Passports

By Keelan Malone,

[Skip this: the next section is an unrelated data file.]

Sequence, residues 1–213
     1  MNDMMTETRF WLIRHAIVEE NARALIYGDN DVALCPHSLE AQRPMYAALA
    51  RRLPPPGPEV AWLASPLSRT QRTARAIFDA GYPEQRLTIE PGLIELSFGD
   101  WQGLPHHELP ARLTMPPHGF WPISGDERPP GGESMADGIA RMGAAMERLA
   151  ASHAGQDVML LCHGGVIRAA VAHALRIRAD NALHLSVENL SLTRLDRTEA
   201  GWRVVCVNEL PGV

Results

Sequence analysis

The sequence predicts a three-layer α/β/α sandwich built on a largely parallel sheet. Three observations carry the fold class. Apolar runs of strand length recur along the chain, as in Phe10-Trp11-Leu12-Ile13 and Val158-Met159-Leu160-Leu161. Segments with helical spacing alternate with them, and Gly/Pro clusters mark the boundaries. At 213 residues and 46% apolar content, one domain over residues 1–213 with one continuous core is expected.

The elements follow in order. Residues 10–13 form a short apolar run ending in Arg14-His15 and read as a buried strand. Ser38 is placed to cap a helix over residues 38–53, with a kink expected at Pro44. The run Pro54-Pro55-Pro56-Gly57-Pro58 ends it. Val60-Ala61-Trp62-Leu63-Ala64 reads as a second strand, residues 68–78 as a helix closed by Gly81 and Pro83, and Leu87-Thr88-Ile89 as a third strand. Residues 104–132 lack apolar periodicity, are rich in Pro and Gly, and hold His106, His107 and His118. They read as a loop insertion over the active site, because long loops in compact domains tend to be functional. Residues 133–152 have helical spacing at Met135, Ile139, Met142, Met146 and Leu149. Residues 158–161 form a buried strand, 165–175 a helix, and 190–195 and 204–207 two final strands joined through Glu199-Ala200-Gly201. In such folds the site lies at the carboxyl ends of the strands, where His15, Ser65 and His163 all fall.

Throughout this whole experience I gained a lot of respect for Documentary films and in general. It takes a lot more personal naturalism than I thought. You have to get to know the people you are interviewing and try to get what both the interviewee and the audience want at the same time portraying a great story line. It takes more than the cameras and lighting to get the best you can get out of the project. It is very up close and personal, which taught me the lesson to either do what I love and am passionate about or not do it all. If I’m not truly passionate then I miss the opportunity to have the great impact I could have on the group. Not only did I not feel truly apart of the group I feel the fact that my passport ended up being reported stolen is a symbol of my initial involvement in the film. In retrospect I’m learning a lot more about syncing and editing the film, which helps me understand the filmmaking experience a little bit easier. Even though I didn’t end up going on the trip to India it was still a life learning experience that I would not have gained if I didn’t take this course.